Gore Vidal: The Man Who Hated Himself

The late Eugene Luther Gore Vidal (1925-2012) was an unlikable person for many reasons.  Despite the acclaim for his (allegedly) brilliant writing, or his acid-tongued attempts to establish a persona using a mimicry of gravitas, Vidal made the most of his long life by coming up with ways to make you thankful you had never met him.  Apart from his often clichéd leftist essays, which became more and more the work of a conspiratorial anti-Semite as he grew older,  his poor attempts to rewrite pornographic novels as works of literature rather than smut, or penning historical works which betrayed his lack of a formal education, what was perhaps most unlikable about Vidal was his desire to be more liberty-loving (and more libertine) than Robespierre on a bender,  while simultaneously trying to pass himself off as being a member of the aristocracy.

The notion of an “American aristocracy” is a ludicrous one.  One of the reasons why Europeans have always laughed up their sleeves at American pretensions to New World nobility is that in most cases it betrays a kind of naiveté.  The American public has come to believe, through films, fiction, and the watered-down use of the term, that if you are wealthy or famous, you must therefore be an aristocrat, rather than simply wealthy or famous.  In time, using this line of reasoning, no doubt we will be told that the Kardashians are members of the modern American aristocracy, in the same way we were convinced that JFK was, as well, even though his grandfather ran a saloon and his father was a bootlegger.

Vidal, like another psychologically twisted writer, Truman Capote, was fascinated by the rich, and wanted to be around them because he both loved and hated them.  Like other souls from modest backgrounds with faint connections to the rich and powerful, Vidal came to believe that he was a member of the aristocracy simply because he hung around people with money.  In one of his more celebrated remarks, Vidal remarked that Nancy Reagan was a social climber born with a silver ladder in her hand – though this was because in his case it took one to know one.  Neither line of parentage in Vidal’s case could reasonably permit him to think of himself as an aristocrat, but he certainly did so, acting like what he thought an aristocrat ought to play, but which came off something like Basil Rathbone’s performance in “Anna Karenina”.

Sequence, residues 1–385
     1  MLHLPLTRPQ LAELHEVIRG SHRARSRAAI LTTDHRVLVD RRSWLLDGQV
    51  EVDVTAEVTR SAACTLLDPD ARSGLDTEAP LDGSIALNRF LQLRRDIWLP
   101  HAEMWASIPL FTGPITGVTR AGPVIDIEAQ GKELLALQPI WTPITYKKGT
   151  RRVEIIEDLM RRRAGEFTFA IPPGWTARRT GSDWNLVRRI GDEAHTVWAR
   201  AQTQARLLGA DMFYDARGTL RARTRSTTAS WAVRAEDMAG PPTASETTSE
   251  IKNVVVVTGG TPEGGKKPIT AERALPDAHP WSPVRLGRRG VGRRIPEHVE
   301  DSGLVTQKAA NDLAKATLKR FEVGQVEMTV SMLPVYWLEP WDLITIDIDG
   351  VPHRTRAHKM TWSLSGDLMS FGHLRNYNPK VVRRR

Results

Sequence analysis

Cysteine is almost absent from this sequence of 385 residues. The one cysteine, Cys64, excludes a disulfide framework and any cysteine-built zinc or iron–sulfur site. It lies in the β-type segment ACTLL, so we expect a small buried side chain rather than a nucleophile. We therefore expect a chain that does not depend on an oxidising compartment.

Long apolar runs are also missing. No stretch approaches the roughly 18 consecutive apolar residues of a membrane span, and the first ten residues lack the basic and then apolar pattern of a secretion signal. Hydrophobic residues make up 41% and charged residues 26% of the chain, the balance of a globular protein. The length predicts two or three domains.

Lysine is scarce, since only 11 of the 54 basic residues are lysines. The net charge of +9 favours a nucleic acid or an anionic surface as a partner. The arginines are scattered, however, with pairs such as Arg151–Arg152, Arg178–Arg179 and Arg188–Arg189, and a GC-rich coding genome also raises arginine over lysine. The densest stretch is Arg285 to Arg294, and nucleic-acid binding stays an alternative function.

In an interview toward the end of his life, for example, Vidal noted that Alexander Hamilton “married into wealth and became an aristo [sic]. And it is he who argues that we must have a government made up of the very best people, meaning the rich.”  While there are many rich people who are aristocrats, there are many aristocrats who are not rich. Confounding the two was something that Vidal did throughout his career, betraying his lack of understanding of the subject but taking advantage of the gullibility of the American press in assuming that he himself was an aristocrat because he was able to talk about them with such apparently deep understanding – an understanding which was quite patently false.

Fortunately for all of us, America does not have an aristocracy, for by definition aristocrats inherit titles, powers, and privileges as a right of birth.  With the abolition of the monarchy in this country and the establishment of a republic, there are no such persons here, however much people like Gore, or academics, or the mainstream media, with its sloppy understanding of the term, may have claimed.  If you are well-off in this country, but do not manage to hold on to your wealth or work hard, you will end up on government benefits just like everyone else, and no one will care or give you any deference if your last name is Jones or Vanderbilt.  And perhaps in the end this was something that Vidal himself realized: there is no American aristocracy, and even if there was, he himself would never be a part of it.

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